Equity release on your home – what does it really mean?

January 24, 2019 1:50 pm Published by

What is equity release?

Talking to some friends recently, I realised people often talk about ‘equity release’ when they’re thinking about getting some funds for refurbishment projects or paying some debts. What they actually mean is a remortgage, where the money in the current mortgage is released for whatever needs they may have. There are no age restrictions on a remortgage and, done regularly, it’s a great way to ensure you’re always on the best available deal. Have a look at our remortgage section for more information or give us a call to talk through your needs.

Equity release is slightly different. You still release cash from your property but you do it through a specialist loan secured against your home (lifetime mortgage), or through selling your home or part of it while continuing to live in it (home reversion plan). Importantly, equity release – as opposed to remortgage – has a typical minimum age requirement of 55 years or over.

How does equity release work?

People choose equity release for various reasons: home improvements, repaying debts, cash gifts for loved ones, improving standard of living or even going on holidays. I always take the time to understand your needs and help you understand if equity release is the best option for you. If you go down this route, the two types of equity release I mentioned have different pros and cons.

Lifetime mortgage

It tends to be the more popular option because you remain as the owner of your home. It means that you borrow money against your house and when you die or if you move into long-term care, your estate pays off your debt.

Pros

  • You retain ownership of your home
  • You can apply at the age of 55 years
  • Flexibility on interest rates – they can be rolled up into your loan, or you can pay them monthly, ensuring the borrowed amount remains unchanged
  • Your property benefits from market value increases
  • You can arrange your loans over years – it doesn’t have to happen in one go, saving you money on interest.

Cons

  • The amount you can release is likely to be lower than the home reversion plan
  • Estate left to your loved one when you die will have to pay this debt.

Home reversion plan

Here you sell off all or part of your home, releasing funds and continuing to live in your home until you die or go into long-term care. This option is available for 65s and over only.

Pros

  • It usually allows you to release much larger equity than lifetime mortgage

Cons

  • You lose ownership of your home so you won’t benefit from market value increases
  • The equity will be less than the current market value of your home.
  • The estate you leave to your loved ones is smaller than in the lifetime mortgage option

It’s also worth remembering that receiving a lump sum of money could affect any benefits you receive or could receive in the future. Benefits such as pension credit, council tax support, etc. are means-tested – your big injection of cash could reduce your benefits or you could lose them altogether.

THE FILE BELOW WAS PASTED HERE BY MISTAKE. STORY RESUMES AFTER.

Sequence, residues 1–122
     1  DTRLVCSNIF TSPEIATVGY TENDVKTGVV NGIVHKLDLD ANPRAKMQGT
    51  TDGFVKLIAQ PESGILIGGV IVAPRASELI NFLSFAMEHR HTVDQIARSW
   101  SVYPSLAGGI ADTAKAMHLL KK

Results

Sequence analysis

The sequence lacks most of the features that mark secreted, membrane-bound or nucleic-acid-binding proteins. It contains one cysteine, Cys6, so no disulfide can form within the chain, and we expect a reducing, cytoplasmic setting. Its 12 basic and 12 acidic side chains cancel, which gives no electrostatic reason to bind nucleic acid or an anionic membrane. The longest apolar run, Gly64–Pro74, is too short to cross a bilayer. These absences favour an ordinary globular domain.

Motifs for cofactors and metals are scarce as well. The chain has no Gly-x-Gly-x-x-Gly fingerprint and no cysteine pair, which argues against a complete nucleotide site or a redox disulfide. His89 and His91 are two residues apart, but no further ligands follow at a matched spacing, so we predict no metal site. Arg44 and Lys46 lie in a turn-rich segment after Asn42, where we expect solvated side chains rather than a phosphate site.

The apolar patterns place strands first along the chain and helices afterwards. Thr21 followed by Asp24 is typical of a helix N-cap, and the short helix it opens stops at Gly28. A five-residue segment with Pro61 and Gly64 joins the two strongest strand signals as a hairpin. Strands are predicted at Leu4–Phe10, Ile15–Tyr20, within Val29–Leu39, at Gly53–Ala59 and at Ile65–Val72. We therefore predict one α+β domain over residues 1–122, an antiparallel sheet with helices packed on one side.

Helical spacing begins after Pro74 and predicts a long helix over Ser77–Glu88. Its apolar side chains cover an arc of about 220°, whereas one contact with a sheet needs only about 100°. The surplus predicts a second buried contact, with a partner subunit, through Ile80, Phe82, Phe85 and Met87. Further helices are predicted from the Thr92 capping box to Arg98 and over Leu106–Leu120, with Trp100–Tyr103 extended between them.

Similarly, if the local council provides care for you at home, they could start charging you for that too.

You can find out more about advantages and disadvantages of equity release on the Age UK website.

How much does Equity Release cost?

This varies on the loan you end up taking. Moneysavingexpert says the typical lifetime mortgage rate is 5.14%, but the lowest rates in recent times have been under 4.00%. This is higher than your standard mortgage – this is why I’ll always take you through all options and work out the best solution for you. There may also be an arrangement fee payable to the lender of up to £995. Some products, aimed at those borrowing smaller amounts won’t have a fee, but the interest rate is likely to be higher, and not so good for those borrowing a larger sum. I’ll always work out which is likely to be the best option.

You’ll need specialist legal advice from an Equity Release conveyancer. They’ll make sure you understand the agreement, and carry out the legal work required for the lender to release the funds to you. Costs can vary from one firm to the next, but you can expect quotes from around £700 to £1,500. Get in touch if you’d like us to help you find a conveyancer.

There is usually a fee to pay your mortgage broker to arrange Equity Release. To give advice on either a lifetime mortgage or a home reversion plan, the adviser must hold the specialist qualification and discuss the alternatives. Our typical fee to arrange an Equity Release is £995. We’ll always confirm our fee before any work becomes chargeable.

How long does it take to have my funds released?

Some of our clients have received their money in as little as three weeks, but the typical time from application to completion is four to six weeks.

Is Equity Release tax free?

Yes, the good news is equity release is tax free, making your money go further.

Equity Release advice – making the right choices

It’s vital that you understand all possibilities when it comes down to equity release and this is why it’s so important to seek advice from an equity release specialist (*cough*). It may be that you could have other options, such as downsizing or a conventional mortgage. But, if equity release is what you want, I’ll take you through everything you need to know to allow you to make an informed decision.

If you’d like, you could have your family present when we chat, as ultimately equity release affects their inheritance – of course we can chat without their presence too.

Do get in touch with your equity release questions, even if it’s just for a chat, with no obligation.

 

This is a lifetime mortgage/home reversion plan, to understand the features and risks ask for a personalised illustration.

 

 

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Categorised in: Information and advice

This post was written by Steve Moses